Several sessions were held by guys from Microsoft, which I want to give you a quick rundown of those I’ve visited here.
Glenn Block: WCF embracing HTTP
Let’s face it: To get to HTTPs real capabilities in WCF you have to dig damn deep. Throughout time, the situation has somewhat improved, and letly new stuff is in the cooking at wcf.codeplex.com. NIce stuff we can apparently be looking forward include:
- True REST-style separation of resource and representation. That looked pretty easy todo
- Exposure to HttpRequest and –Response Message if you really have to mess around with headers status codes and what have you
- On a per-method level
- On a global per-request level
- Request processors. I love processors. I mean, maybe not that different to IHttpHandler after all? It’s nice when people come back to what works and leave death stars behind.
- Code based configuration.
- Wasn’t able to show that but there will be convention-based configuration (i.e. Attributes.Evict())
Glenn was also talking about support of a bunch of stuff I hadn’t heard of to this day, and I had to look up, most notably Hypermedia and Entity Tags. Hypermedia seems to be used as term for the problem that the client is often the one holding the business logic (so you actually checked out your cart? I’ll let you do payment then…) – to put the server back in business you can send links back to the client which represent those resources that move your business process along. Etags seem to be an HTTP mechanism to make request caching just that bit more efficient.
One book that was mentioned as source of inspiration is Ian Robinson & Co.: REST in practice.
Ade Miller: The Parallels Library
This was an informal introduction to the library that now ships with .NET 4.0 surrounding Tasks and Data that help parallelizing work. Today’s machines are only gaining performance through core multiplication: The clock rate has stagnated for a while, i.e. all our single-threaded apps are already stuck in yesterday. The concept of Tasks doesn’t actually talk about Threads and what have you, it allows you to express the degree of parallelism that your application supports by stating what can run in parallel and what has to wait for previous computations to become available.
Additional help comes from parallelization of working with data processing, most notably the parallel.foreach stuff and friends. All in all it is recommended to every programmer in our days to start exploring the new ways of getting parallelism into your app, simply because you have to unless you don’t want to get stuck in 2006. What is more, C# will have new keywords regarding asynchronous programming which are built on top of Tasks, hence you should really get your head around these.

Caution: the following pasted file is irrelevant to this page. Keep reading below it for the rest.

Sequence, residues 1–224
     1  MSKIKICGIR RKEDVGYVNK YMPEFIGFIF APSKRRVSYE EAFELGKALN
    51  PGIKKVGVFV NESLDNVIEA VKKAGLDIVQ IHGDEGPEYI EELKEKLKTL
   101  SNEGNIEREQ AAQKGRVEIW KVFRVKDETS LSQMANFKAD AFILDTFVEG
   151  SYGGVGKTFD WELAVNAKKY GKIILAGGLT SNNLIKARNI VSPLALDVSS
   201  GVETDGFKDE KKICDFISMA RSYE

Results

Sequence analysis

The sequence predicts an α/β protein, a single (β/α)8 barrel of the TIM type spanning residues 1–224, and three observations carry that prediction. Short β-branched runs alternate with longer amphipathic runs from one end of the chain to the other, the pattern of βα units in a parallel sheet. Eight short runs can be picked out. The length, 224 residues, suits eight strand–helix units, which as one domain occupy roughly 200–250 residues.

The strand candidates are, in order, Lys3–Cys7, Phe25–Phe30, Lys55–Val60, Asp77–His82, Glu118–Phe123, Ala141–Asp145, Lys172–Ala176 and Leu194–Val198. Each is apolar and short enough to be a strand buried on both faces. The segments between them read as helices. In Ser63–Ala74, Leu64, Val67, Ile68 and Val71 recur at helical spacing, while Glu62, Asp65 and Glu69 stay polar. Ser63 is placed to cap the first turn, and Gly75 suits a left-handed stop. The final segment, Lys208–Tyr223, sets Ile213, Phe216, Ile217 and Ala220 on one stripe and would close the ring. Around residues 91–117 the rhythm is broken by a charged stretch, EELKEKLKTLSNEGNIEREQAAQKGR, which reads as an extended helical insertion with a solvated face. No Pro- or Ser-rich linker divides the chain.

We could grab a copy of “Parallel Programming with Microsoft.NET” from the “patterns & practices” series, in which stuff is elaborated in more detail, but not too much. As Ade pointed out to me in a later chat, such a book should be “readable from start to end on one transatlantic flight”. Good!
Glenn Block on Rx:
Rx is currently my favourite child anyway, which is why I had to come and see this, see if there were any new angles. In my current Hello World app, which is part of MemBus, I am doing Observables-stuff all the way up and down, thereby exploring the notion of a UI that just won’t block on you anymore, since relevant state changes are pushed into the from the back towards the great goal of complete user satisfaction. The degree of decoupling is actually quite shocking, but that’s what we want. Right?
Talking about Rx actually merits its own post, but I did finally learn the difference between hot and cold observables (tuning into a broadcast vs. starting to watch a DVD, thanks to Jon Skeet for the analogy) and what the “Do” extension method of the Rx Framework actually does (A side-effect just prior to the push to the observer).
I am just beginning to wonder, though, if there will ever be a yield return for observables? :)
Brad Wilson: ASP.NET MVC 3
Brad wilson talked about ASP.NET MVC3 which is now available as RC. Here just a quick run-down of the most notable new stuff:
- Razor Viewengine
- This looks a lot cleaner than <% %> mayhem, however, having used Spark I am not sure whether I’ll switch to that. Sellers are of course the out of the box syntax highlighting and a commitment from Jetbrains to support this with resharper.* Viewstart in Razor
- A small file that can be used to easily drop into it stuff common to (some) of your views (remember include in Perl CGI? It’s all coming back!)* Showing off Nuget
- Package management in .NET? It’s becoming a reality. Sadly, Microsoft completely ignored Sebastien Lambla’s efforts with OpenWrap, but hey, at least I didn’t get burned by abandoning my proof of concept early.* Simpler Dependency Injection for controller
- now also for views
- Child Action Caching
- If controller action does not need a session, it can say so and skip serialization of requests that go on the same session
That’s about it from the Microsoft Camp.